In its 137 years of existence, the Congress has dominated Indian history, but never looked more sidelined than it does today. This is an ironic predicament for the party, which led the freedom movement, as India marks the 75th anniversary of Independence. The Congress has been an umbrella organisation in the truest sense – accommodating and giving space to those on the right and the left, the poor and the rich, the upper and lower castes, the mainstream and the neglected, all irrespective of their religion. For a country as diverse and demanding as India, reeling from the trauma of Partition, this was no mean feat, especially in the late 1940s and the 1950s.
Explained | The Congress party’s internal administration
A diminishing footprint
Till Atal Bihari Vajpayee (1999-2004) and Narendra Modi (2014-present) of the Bharatiya Janata Party (BJP), no non-Congress Prime Minister had ever completed a full term in office. Today, if the drift continues, the prospect of the Congress having a Prime Minister of its own appears unlikely.
The party rules only the States of Chhattisgarh and Rajasthan, is part of a coalition in Jharkhand, and has just lost the key State of Maharashtra after a rebel faction of its ally Shiv Sena formed the government along with the BJP.
In July 2019, the Congress lost its coalition government with the Janata Dal (Secular) in Karnataka, and then a few months later in March 2020 its government in Madhya Pradesh fell. The party has lost much of its national footprint and remains a bystander in the politics of India’s most important State that decides who rules New Delhi — Uttar Pradesh.
The BJP has been ruthless in capturing State governments — even where the electorate had given the mandate to other parties — displaying a disdain for democratic practice that has come to be a defining feature of its politics. In all three States, Maharashtra, Karnataka and M.P., the BJP employed methods that were less than kosher, but this kind of politics is what has become the new normal in the country.
In the BJP, the Congress faces a party that works according to its own rules, has a formidable organisation, which is aided and boosted by the Rashtriya Swayamsevak Sangh (RSS) network and remains committed to taking India down the majoritarian Hindu route.
Amid the agencies
The Congress party’s public face, Rahul Gandhi, has just been subjected to several rounds of interrogation by the Enforcement Directorate (ED) in a case relating to the National Herald newspaper. The party president, Sonia Gandhi, too is likely to be questioned soon.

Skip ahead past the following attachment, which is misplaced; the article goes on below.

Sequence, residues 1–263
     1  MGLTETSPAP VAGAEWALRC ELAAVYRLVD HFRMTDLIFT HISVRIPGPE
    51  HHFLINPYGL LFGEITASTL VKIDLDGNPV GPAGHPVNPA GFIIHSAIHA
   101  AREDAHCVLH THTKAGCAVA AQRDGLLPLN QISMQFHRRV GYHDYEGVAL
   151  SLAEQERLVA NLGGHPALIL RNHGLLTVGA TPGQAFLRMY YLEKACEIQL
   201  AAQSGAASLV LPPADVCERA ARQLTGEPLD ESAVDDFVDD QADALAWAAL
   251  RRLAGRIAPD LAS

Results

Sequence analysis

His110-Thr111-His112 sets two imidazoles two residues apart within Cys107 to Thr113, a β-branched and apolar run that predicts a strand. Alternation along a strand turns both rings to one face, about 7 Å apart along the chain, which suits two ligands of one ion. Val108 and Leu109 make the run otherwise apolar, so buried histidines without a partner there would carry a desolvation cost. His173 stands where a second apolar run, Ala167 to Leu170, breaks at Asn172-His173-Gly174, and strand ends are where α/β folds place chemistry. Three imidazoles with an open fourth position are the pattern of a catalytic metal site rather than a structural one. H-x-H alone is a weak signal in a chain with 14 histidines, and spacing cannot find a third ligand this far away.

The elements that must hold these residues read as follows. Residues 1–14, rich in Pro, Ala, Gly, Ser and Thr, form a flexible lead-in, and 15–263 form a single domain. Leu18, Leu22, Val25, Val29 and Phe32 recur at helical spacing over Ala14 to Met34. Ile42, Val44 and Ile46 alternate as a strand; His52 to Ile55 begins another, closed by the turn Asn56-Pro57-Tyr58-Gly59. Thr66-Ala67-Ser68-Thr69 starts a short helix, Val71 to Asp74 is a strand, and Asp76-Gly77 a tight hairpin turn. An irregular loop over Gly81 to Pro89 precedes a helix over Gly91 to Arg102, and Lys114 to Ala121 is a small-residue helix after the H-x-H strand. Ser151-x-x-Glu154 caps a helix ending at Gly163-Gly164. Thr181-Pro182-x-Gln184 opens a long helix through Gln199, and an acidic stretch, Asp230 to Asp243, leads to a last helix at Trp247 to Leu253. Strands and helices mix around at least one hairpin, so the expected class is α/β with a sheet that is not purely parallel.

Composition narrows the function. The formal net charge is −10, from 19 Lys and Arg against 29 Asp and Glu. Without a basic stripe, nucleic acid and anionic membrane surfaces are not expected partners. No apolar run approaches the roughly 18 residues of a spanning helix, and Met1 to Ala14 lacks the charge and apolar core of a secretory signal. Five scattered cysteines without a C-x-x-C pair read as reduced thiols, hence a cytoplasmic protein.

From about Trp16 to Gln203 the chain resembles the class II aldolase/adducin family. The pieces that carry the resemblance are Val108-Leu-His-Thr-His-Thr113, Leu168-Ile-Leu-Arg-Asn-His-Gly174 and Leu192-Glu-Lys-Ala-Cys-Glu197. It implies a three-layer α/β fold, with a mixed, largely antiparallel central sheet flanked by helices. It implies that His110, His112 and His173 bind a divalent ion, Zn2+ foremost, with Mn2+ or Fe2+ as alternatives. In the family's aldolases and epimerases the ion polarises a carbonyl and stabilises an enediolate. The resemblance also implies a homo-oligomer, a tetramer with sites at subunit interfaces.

The ED, the Central Bureau of Investigation, and police forces in States where the BJP is in power have been used to harass political opponents to the extent that some political choices have been made under pressure or duress – the imminent threat of arrest compels many to fall in line.
Many questions have been raised about the leadership of Mr. Gandhi as the Congress lost the Lok Sabha elections in 2014 and 2019. A bunch of leaders, referred to as the G-23, had coalesced within the party, raising questions and demanding to know why elections were not being held for the job of party president.
Though some of the questions raised by the G-23 were clearly pertinent, many of the prime movers appeared to be more worried about where their next Rajya Sabha term was coming from, given the dwindling political fortunes of the Congress in State legislatures.
The fate of some of the G-23 leaders (and many others) points to the problems that the party faces. Used to enjoying power and privilege, many Congress leaders found loyalty to the Gandhi family a useful route to fulfilling personal ambitions. Now, with the family unable to deliver, these leaders are angry and frustrated. Many loyalists have switched sides to the BJP.
The Congress is a party with a diminished agenda and ideology. In its manifesto and campaign for the 2019 general election, the Congress floated the idea of a universal basic income but failed to take the idea to the people effectively. It has also been unable to match the BJP when it comes to the idea of projecting the image of a ‘strong' India pushing back against aggressive neighbours. This nationalist rhetoric, with the message that India is safe with the BJP and Mr. Modi, has clicked repeatedly with the voter. Also, with campaigns centring on personalities, this is successfully used by the BJP to contrast Mr. Modi with Mr. Gandhi.
Questions for the Congress
Can this vast chasm be bridged? Can the Congress bring a healing touch to address the ravages of a majoritarian politics that has brought much suffering and anxiety to the people? Can it, in combination with regional opposition parties, provide an alternative to the BJP in 2024?
These are questions the party needs to engage with substantially — in its own party fora and in the public domain.